Scorching.

scorch trials(Image from Box Office Democracy)

Of the three dystopian franchises aimed at teenagers that are about at the moment, The Maze Runner is my least favourite. I think it is largely because its world is much less well developed and less coherent than either The Hunger Games or Divergent but also it is, in part, because it is so much less progressive or interesting in its depiction of female characters. In the original film there are essentially only two in the whole film, Teresa, who turns up half way through, and the evil character Ava Paige, and neither is more than two dimensional. The Scorch Trials has more women on screen, but it still barely scrapes past the Bechdel test (I think there is about two sentences exchanged between Ava and Teresa). It is interesting that a film which so studiously ensures it has a beautifully multiracial cast (even if it is the South Asian who is the first to die), still can’t manage women and girls in a particularly effective way. Yes, Brenda is an interesting addition who is smart and capable, but, like Teresa, she really only is defined in terms of her relationship to Thomas. And it is great to put two girls with guns and the ones who find the gang, but it might be nice to give them some sort of personality or role in addition to the guns. While it is true of pretty much all the characters that there is little to them and less reason to care, it feels particularly acute with the women – they are all acting out some archetype or another. To be honest, I liked this more than the original film which was terribly predictable, and at least we got a bit more insight to what is actually going on, but it might be nice to develop some characters who actually have depth.

Evil blondes from the future

Since the inception of film as a visual medium, blonde women have played important signifying roles. Femme fatales of film noir, the victim in horror films, the highly sexualised dangerous  woman – it has often been easy to chart the path of the character by one of her key signifiers, her hair colour. There are notable differences – Hitchcock made Grace Kelly a very different blonde in his films and she was never a victim while Joss Whedon chose to deliberately subvert horror tropes by making Buffy small and blonde. Nonetheless, there is generally a consistent archetype to the televisual blonde.

An interesting new archetype I have noticed in a number of science fiction films recently is the powerful, older,  evil blonde. Dr Ava Paige in The Maze Runner, Secretary Delacourt in Elysium and Jeanine in Divergent all exemplify this archetype. Powerful, manipulative and indifferent to the fate of others not of their caste. Willing to sacrifice anyone, Delacourt and Jeanine, in particular, aim to support and improve their own hegemonic privilege while Paige tortures children for apparently scientific purposes. Both Jeanine and Paige are closely aligned with science, while Delacourt is enmeshed in the use of technology. These women are technocrats, using science and technology for evil purposes and using need to be overcome by “good hearted” people with access to lower or no tech approaches.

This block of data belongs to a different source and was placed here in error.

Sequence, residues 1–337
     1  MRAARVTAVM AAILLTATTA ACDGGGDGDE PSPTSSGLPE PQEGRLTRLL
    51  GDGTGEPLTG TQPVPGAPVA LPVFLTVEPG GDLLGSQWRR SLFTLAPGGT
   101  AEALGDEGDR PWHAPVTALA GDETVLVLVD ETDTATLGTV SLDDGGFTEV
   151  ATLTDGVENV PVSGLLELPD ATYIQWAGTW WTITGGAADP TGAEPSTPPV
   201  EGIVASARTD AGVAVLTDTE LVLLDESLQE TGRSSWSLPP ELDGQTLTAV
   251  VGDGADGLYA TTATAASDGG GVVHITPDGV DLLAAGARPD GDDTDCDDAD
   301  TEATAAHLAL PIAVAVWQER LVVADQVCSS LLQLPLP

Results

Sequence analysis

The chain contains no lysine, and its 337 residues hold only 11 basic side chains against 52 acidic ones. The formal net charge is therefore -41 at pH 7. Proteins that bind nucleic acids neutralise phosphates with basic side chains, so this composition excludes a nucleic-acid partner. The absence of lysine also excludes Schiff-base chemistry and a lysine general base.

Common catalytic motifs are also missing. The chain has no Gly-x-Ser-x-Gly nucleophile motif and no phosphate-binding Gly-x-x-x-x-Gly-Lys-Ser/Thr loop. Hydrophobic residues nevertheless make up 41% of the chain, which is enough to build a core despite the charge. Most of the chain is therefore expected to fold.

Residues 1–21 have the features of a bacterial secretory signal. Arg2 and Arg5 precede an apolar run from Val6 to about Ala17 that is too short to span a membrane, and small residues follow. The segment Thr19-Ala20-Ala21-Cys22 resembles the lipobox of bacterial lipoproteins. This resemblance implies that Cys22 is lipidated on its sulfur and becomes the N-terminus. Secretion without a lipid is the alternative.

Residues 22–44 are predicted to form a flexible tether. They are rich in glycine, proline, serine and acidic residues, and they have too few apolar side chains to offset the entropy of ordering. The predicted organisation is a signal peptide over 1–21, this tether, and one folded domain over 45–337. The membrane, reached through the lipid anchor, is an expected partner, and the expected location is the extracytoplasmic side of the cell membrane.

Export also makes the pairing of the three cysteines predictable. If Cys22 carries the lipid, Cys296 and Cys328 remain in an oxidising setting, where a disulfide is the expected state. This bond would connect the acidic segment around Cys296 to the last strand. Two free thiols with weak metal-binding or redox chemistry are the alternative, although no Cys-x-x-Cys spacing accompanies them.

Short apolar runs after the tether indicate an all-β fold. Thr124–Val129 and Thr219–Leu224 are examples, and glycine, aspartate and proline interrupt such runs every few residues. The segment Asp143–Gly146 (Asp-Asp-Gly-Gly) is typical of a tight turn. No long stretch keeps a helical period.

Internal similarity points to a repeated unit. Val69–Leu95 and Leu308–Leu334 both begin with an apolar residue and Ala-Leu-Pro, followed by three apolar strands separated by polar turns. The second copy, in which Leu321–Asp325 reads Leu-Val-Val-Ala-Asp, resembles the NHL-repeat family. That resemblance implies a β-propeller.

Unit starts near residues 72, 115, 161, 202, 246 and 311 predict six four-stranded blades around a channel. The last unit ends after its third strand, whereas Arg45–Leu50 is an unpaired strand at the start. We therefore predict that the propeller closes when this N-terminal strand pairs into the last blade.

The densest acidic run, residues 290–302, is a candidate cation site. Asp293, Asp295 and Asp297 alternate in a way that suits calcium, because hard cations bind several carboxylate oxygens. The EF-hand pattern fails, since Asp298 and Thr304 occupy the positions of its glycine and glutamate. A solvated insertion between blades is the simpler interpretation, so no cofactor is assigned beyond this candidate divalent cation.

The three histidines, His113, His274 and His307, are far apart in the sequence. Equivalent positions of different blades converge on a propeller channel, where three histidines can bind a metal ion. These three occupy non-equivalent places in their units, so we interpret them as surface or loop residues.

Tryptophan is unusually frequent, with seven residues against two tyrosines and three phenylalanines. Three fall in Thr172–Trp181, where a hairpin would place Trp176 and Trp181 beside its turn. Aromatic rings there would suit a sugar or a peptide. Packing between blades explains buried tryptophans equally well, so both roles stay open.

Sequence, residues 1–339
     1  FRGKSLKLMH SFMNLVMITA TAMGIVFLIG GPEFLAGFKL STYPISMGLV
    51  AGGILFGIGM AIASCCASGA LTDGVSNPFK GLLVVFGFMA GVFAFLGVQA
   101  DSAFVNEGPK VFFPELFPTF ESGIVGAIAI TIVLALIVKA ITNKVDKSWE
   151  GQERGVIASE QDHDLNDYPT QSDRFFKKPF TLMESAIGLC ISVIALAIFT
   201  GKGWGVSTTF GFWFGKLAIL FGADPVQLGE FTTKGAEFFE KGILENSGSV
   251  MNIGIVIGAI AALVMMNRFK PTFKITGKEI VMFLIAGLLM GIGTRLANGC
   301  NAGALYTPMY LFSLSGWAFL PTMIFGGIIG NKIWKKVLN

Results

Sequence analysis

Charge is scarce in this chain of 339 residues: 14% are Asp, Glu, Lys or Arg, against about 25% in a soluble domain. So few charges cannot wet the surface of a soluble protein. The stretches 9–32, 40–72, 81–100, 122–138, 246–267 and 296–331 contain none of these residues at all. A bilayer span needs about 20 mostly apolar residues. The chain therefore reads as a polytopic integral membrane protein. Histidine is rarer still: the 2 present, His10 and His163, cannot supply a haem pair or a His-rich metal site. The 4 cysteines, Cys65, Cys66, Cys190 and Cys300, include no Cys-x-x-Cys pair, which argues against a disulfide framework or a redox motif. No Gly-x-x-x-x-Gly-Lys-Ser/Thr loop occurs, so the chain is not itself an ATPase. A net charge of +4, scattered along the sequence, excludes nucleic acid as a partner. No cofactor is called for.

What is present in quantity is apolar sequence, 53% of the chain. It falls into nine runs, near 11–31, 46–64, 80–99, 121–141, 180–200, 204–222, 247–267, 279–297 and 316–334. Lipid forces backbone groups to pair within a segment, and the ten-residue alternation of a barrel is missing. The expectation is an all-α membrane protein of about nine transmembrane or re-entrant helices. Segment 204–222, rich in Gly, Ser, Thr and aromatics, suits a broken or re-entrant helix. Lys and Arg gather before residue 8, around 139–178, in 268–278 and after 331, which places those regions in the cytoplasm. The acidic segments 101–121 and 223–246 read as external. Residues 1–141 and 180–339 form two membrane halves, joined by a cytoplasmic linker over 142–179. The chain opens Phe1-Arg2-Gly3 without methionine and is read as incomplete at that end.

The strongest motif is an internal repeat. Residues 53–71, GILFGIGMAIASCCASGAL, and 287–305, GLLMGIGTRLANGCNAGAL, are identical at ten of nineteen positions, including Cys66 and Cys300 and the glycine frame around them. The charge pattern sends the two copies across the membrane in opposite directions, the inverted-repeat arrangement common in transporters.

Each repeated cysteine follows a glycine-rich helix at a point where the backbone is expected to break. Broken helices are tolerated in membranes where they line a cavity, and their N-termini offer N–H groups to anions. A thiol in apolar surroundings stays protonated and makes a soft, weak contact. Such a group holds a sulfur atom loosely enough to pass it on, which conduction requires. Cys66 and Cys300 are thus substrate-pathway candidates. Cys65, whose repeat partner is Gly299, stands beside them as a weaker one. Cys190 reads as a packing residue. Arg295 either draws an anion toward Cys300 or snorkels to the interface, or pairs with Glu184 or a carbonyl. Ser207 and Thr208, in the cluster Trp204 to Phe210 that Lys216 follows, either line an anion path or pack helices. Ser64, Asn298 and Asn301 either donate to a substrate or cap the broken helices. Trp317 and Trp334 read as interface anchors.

These depictions are ideological from a number of viewpoints. Firstly, they posit the political and hegemonic power in the hands of women, concealing the general reality that these levers tend to be held by men. The societies in which they operate do not seem to have radically overturned gender norms to achieve this position where women are placed with power, in fact most of the gender relations within the films seem to indicate the reverse, that in general relations are not much further advance. All three of the women (and noticeably two seem to dress primarily in white), wear the feminised clothing, and, if anything, their privilege and separation from those required to do actual work is symbolised by their impractical shoes and tight skirts. In the world of Insurgent Jeanine’s main political rivals are men, and the leaders of the Factions she has assist her are also men – she is unusual in being a woman.  Similarly Delacourt is chastised by a male President and deals with a male CEO. These women are still exceptions, but they are the powerful evil centre. Inherent is an implication that women with power exploit it to maintain their own power and privilege, which, it could be argued is what male powers structures actually do.

Their close alignment with science and technological advance also serves to undermine the importance of scientific progress . In these films the heroes are all on the side of the low tech, with limited access to anything other than their own resources and ability. It is technology which serves to enslave in both Elysium and Divergent and the characters in the Maze Runner are trapped apparently in the service of science. The dystopic futures all three are set in seem to make the power of science enslaving and dividing, something the human spirit must fight against. The idea of the immaculate blonde serves to reinforce the rigidity of science and its danger. In Divergent this science-based approach is directly contrasted with the “humanism” of Abnegation, whose selflessness, low tech public service is pitted against the science-based command-and-control approach of Jeanine and her allies.

Whether this depiction of the middle-aged blonde as dystopian killer technocrat will continue remains to be seen, but it is interesting that it has emerged in three different movies made within a year of each other. As much as I like to see women in science fiction films, and older women who are smart and powerful is doubly terrific, it would be nice if they weren’t the evil one from time to time.